Toxic sights: The spectacle of hazardous waste removal

This paper examines the geographies of hazardous waste removal. Over the past decade, studies of disposal have demonstrated the myriad ways in which things can never disappear – they can only be transformed, transmuted, combusted, combined or any other manner of material change. This paper aims to develop understandings of the material politics of disposal by considering the matter of representation. It does this ethnographically, by following a chemical stockpile though the process of removal from its storage site in Tanzania. In examining everyday disposal practices, this paper highlights the materialities of hazardous waste in ways that have been epistemologically side-lined. Locating the analysis at the intersection of matter and representation, the paper illustrates the centrality of paper-work, diagrams, photographs and standard operating procedures in performing removal. It argues that removal is achieved through a bureaucratic spectacle; a process which obscures lingering residues and compounds their toxic effects. By attending to chemicals through the mundane work of removal, this paper opens up different lines of inquiry for studies of waste, and enriches understandings of materiality by considering how visual representations make a difference.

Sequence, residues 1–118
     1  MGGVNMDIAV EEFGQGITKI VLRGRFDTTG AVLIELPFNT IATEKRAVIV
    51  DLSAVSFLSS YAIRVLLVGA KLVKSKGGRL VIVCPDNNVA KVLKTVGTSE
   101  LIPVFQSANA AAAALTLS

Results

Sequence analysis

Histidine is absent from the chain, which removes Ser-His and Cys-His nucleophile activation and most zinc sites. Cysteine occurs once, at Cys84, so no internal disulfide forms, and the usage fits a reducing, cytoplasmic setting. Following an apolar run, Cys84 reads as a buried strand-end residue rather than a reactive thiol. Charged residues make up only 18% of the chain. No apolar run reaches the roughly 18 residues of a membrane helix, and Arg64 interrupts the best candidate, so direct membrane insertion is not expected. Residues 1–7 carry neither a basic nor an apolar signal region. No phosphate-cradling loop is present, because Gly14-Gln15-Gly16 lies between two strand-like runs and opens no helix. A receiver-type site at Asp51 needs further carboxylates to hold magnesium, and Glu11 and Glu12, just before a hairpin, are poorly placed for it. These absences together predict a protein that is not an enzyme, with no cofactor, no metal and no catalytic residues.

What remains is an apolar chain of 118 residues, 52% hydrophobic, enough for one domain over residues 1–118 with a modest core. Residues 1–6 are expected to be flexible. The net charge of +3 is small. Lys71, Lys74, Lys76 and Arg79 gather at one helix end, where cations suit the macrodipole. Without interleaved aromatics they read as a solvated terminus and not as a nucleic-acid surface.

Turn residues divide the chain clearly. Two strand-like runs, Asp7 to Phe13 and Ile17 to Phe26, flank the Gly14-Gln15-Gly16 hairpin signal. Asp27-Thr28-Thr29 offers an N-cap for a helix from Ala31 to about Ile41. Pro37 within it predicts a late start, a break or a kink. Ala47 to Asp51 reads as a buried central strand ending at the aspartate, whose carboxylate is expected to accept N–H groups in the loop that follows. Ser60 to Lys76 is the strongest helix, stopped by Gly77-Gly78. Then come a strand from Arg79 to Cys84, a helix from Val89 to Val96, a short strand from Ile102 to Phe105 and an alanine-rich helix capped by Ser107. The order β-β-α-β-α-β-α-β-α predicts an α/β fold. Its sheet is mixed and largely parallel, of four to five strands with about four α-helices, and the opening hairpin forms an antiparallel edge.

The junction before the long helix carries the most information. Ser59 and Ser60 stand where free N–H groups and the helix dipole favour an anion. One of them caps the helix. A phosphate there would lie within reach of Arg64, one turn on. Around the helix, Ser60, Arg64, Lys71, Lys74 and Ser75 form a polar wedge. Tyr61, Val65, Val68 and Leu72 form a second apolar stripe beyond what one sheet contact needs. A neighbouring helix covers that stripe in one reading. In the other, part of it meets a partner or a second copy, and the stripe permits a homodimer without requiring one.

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Volume 38 Issue 4

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